However, there is more to putting mathematics on the Web than merely finding ways of displaying traditional mathematical notation in a Web browser. The Web represents a fundamental change in the underlying metaphor for knowledge storage, a change in which interconnection plays a central role. It has become important to find ways of communicating mathematics which facilitate automatic processing, searching and indexing, and reuse in other mathematical applications and contexts. With this advance in communication technology, there is an opportunity to expand our ability to represent, encode, and ultimately to communicate our mathematical insights and understanding with each other. We believe that MathML as specified below is an important step in developing mathematics on the Web.

## 1.2 Origins and Goals

### 1.2.1 Design Goals of MathML

In order to meet the diverse needs of the scientific community, MathML has been designed from the beginning with the following ultimate goals in mind.

MathML should ideally:

• Encode mathematical material suitable for teaching and scientific communication at all levels.

• Encode both mathematical notation and mathematical meaning.

• Facilitate conversion to and from other mathematical formats, both presentational and semantic. Output formats should include:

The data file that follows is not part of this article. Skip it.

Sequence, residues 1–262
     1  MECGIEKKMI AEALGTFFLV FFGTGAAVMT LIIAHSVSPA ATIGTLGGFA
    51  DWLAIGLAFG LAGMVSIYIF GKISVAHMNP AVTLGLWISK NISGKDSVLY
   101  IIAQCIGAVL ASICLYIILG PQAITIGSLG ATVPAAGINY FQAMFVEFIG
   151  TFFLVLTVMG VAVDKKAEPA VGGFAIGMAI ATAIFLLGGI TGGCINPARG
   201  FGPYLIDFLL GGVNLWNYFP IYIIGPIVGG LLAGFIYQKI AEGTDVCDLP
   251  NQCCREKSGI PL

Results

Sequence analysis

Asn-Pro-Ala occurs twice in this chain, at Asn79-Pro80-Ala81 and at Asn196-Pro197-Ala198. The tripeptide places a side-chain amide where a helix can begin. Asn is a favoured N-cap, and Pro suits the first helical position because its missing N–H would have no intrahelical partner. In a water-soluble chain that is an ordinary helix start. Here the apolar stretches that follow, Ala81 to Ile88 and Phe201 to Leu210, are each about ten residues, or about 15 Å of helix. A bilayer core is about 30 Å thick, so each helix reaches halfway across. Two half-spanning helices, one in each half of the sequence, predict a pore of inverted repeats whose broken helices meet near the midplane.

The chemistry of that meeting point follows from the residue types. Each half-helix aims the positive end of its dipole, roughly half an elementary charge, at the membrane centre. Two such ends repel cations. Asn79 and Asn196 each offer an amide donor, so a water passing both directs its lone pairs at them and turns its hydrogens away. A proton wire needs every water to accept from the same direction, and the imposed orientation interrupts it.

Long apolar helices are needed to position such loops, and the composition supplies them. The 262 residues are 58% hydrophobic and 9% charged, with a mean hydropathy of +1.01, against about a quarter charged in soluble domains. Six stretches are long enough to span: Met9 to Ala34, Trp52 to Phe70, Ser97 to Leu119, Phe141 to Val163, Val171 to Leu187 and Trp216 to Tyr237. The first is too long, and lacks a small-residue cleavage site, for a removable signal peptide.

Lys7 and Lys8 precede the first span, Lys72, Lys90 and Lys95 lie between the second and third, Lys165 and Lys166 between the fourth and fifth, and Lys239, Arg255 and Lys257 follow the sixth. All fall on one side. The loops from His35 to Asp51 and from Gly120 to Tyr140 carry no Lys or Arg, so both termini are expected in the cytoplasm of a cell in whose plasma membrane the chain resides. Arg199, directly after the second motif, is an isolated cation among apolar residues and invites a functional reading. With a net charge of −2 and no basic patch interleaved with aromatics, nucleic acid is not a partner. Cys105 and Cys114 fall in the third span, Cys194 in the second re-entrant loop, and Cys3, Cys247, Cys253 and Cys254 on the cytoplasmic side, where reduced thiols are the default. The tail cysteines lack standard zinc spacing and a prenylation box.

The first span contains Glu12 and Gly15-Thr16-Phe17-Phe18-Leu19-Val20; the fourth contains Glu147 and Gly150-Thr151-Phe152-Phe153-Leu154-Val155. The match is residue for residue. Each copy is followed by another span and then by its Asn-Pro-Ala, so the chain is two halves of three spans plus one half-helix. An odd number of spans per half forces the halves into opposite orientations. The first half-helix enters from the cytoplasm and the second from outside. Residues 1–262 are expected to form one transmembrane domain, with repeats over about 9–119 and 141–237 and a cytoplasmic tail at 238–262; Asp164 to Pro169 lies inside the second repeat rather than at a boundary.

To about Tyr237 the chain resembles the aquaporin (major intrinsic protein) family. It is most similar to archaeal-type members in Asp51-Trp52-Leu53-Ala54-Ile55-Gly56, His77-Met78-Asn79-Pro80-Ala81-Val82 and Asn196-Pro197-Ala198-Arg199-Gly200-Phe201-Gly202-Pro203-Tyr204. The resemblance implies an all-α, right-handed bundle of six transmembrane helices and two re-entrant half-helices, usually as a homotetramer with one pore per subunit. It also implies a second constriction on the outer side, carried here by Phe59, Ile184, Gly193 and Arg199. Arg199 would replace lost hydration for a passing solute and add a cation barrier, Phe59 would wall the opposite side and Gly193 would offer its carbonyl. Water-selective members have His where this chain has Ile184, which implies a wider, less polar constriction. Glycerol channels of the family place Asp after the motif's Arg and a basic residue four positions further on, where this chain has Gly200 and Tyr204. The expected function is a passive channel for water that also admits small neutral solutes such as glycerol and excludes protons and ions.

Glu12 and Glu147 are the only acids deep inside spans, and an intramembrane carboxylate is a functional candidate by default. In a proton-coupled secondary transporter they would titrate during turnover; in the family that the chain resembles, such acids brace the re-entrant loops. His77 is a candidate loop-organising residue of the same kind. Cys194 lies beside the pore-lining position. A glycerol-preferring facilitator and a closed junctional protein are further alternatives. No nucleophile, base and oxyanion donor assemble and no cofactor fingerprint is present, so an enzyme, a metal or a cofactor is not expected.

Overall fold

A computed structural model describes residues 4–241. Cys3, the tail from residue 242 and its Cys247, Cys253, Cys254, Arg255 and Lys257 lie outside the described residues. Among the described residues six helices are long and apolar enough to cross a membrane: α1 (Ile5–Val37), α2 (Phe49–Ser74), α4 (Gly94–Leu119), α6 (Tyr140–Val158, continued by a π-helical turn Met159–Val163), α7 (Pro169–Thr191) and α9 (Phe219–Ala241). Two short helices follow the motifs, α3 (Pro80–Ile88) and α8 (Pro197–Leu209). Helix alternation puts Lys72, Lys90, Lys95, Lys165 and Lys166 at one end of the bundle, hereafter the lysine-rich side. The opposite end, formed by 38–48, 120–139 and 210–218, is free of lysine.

• graphical displays

• speech synthesizers

• input for computer algebra systems

• other mathematics typesetting languages, such as TEX

• plain text displays, e.g. VT100 emulators

• iternational print media, including braille

Recognized that conversion to and from other notational systems or media may entail loss of information in the process.

• Allow the passing of information intended for specific renderers and applications.

• Support efficient browsing of lengthy expressions.

• Provide for extensibility.

• Be well suited to templates and other common techniques for editing formulas.

• Be legible to humans, and simple for software to generate and process.

No matter how successfully MathML achieves its goals as a markup language, it is clear that MathML is only useful if it is implemented well. The W3C Math Working Group identified long ago a short list of additional implementation goals. These goals attempt to describe concisely the minimal functionality MathML rendering and processing software should try to provide.

• MathML expressions in HTML (and XHTML) pages should render properly in popular Web browsers, in accordance with reader and author viewing preferences, and at the highest quality possible given the capabilities of the platform.

• HTML (and XHTML) documents containing MathML expressions should print properly and at high-quality printer resolutions.

• MathML expressions in Web pages should be able to react to user gestures, such those as with a mouse, and to coordinate communication with other applications through the browser.

• Mathematical expression editors and converters should be developed to facilitate the creation of Web pages containing MathML expressions.